Did this past weekend's anti-ACTA movement in Europe get their message across to the ruling governments? While the fallout is still being measured, at least one country has decided to say "no" to the treaty, putting them with the small, but growing group of foreign governments that, at least at this point, have rejected ACTA.
The latest country to deny ACTA ratification is Bulgaria, but it appears as if Bulgarian government officials are taking the same approach Germany's government did. That is, ACTA won't be signed at least until the EU parliament weighs in. There is, however, some resistance to the nature of the treaty itself, as well as a reluctance to help an industry that "has not adopted to the digital age."
Over at RT.com, the comments from Bulgaria’s Economy and Energy Minister Traicho Traikov indicate Bulgaria is in no hurry to ratify ACTA:
Bulgaria’s Economy and Energy Minister Traicho Traikov says Sofia will not ratify the agreement until the EU member states elaborate a joint position on the document.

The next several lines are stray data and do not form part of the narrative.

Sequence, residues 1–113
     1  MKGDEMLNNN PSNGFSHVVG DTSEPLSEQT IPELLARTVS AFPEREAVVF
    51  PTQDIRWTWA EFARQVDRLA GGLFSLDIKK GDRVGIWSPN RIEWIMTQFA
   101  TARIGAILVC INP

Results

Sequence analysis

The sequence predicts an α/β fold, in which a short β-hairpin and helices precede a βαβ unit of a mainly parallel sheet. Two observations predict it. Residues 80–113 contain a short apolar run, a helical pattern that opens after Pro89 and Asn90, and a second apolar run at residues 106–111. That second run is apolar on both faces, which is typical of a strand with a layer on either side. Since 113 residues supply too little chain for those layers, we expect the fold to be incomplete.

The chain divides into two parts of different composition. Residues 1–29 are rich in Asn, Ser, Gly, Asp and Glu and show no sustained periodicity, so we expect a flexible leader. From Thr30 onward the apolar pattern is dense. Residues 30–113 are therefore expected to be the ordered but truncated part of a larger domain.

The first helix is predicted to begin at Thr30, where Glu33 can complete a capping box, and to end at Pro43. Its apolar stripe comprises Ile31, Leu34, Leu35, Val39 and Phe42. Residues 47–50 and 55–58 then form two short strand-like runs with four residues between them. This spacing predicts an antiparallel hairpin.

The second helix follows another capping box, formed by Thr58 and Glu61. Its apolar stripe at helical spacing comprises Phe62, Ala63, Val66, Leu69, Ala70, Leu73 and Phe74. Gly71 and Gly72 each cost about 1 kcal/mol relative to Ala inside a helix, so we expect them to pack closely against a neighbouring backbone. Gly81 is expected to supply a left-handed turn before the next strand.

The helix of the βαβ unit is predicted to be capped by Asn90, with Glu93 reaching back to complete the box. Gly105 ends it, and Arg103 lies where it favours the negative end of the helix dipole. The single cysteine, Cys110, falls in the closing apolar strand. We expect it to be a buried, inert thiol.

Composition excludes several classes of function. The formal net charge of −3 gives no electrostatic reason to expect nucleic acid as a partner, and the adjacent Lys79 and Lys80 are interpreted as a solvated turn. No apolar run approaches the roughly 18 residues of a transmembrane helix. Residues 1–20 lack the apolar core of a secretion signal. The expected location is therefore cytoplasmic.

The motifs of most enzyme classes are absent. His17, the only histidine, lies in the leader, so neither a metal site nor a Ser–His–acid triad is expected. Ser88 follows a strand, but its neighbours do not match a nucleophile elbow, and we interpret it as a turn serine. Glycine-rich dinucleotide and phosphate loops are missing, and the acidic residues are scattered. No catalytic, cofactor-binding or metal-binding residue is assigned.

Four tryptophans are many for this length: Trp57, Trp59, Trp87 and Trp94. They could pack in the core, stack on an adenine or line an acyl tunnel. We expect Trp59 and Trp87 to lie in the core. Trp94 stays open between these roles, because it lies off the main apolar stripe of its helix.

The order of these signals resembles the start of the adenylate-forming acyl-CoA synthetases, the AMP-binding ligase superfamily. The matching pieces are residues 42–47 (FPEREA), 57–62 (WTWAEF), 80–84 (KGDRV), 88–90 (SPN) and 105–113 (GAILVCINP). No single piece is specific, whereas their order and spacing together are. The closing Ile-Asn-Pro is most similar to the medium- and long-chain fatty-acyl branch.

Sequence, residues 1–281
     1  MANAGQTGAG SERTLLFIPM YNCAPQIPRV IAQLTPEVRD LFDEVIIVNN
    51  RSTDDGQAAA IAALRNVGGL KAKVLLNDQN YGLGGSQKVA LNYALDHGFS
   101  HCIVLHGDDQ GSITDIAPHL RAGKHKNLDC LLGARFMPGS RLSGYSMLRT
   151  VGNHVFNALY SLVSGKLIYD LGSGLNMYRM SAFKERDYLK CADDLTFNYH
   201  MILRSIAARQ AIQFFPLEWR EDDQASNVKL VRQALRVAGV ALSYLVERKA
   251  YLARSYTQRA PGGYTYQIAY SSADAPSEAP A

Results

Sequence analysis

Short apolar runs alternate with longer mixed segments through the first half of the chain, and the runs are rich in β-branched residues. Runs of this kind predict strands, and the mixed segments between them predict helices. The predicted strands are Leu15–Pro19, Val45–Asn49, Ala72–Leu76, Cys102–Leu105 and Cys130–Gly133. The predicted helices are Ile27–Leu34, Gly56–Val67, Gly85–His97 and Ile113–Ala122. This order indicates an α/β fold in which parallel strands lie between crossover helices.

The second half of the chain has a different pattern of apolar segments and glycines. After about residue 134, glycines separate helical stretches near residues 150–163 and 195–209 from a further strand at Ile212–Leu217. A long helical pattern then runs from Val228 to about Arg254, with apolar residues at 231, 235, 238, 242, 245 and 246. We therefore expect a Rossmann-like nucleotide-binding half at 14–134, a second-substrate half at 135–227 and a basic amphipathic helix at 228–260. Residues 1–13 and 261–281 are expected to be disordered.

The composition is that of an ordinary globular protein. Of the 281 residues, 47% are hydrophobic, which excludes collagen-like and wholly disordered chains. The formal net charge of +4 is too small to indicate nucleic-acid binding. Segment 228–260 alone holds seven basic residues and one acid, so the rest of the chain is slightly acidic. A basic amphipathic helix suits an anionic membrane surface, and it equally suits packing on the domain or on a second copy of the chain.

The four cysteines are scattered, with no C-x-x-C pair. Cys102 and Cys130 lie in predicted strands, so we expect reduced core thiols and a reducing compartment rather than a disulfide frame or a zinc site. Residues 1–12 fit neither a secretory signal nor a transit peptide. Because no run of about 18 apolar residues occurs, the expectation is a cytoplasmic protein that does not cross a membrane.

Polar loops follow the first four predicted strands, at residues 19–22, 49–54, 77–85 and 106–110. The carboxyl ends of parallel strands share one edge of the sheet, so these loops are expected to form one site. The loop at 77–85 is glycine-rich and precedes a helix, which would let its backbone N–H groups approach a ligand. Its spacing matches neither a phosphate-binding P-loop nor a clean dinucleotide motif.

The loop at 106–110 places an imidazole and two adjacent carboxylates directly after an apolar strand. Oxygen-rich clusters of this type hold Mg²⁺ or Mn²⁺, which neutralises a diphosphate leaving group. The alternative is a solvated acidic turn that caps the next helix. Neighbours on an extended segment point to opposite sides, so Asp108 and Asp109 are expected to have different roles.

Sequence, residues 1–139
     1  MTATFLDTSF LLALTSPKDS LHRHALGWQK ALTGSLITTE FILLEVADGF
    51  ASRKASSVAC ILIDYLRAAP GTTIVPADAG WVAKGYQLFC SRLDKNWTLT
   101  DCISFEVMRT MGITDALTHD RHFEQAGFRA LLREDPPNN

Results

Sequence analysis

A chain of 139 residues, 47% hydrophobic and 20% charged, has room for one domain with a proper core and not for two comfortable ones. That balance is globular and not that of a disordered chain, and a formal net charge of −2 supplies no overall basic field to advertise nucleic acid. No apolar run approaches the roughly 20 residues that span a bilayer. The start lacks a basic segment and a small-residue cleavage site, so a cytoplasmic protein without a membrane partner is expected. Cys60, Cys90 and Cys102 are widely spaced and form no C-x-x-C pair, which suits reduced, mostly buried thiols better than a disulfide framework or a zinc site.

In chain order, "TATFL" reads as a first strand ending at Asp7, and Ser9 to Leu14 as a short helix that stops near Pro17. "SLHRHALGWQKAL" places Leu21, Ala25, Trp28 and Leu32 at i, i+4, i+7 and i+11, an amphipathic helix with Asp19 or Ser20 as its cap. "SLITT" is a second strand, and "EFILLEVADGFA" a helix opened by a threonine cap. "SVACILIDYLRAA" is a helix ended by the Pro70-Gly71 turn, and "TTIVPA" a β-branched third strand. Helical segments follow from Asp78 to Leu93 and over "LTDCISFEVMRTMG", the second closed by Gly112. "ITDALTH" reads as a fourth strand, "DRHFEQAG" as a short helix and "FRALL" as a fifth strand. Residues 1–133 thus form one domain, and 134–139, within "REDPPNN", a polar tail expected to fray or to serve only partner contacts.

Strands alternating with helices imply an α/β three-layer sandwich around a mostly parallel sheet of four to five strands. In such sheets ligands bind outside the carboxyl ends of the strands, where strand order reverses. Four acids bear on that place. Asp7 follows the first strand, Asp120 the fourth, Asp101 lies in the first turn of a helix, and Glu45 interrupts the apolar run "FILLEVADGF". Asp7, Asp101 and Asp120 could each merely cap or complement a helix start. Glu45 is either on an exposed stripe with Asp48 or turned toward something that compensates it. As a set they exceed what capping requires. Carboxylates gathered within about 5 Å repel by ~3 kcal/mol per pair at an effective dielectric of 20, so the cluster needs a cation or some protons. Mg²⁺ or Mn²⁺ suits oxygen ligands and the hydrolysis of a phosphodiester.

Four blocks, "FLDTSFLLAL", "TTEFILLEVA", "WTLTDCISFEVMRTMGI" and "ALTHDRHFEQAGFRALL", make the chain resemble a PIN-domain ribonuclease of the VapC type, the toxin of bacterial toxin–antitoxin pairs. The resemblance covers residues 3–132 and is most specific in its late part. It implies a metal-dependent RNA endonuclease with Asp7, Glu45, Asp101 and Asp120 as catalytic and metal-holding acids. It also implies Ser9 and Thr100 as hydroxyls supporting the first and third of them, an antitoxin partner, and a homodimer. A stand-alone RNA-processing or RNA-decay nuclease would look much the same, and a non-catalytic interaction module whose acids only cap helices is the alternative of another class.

Bulgarian authorities have made the decision to halt the already signed agreement after street protests. Thousands marched through the capital Sofia and 16 other cities.
Apparently, citizen-led public dissent is still an effective method to get your message out. In light of the #Occupy Wall Street movement, who knew? In this day and age of American protesters getting peppered sprayed in the face for peaceful demonstrations, it's refreshing to see there are still some governments that listen and give credence to the wants and desires of the citizens.
What a novel concept.
In order to solidify Bulgaria's postion in the ACTA fight, Minster Traikov said, "Authors’ copyright should not be placed above human rights." If he said that in the United States, MPAA CEO Chris Dodd would threaten Traikov with a lack of financial support from the film industry going forward.
As RT.com indicates, Bulgaria is the sixth EU state to reject ACTA, joining the likes of Germany, the Netherlands, Slovakia, Estonia and Cyprus.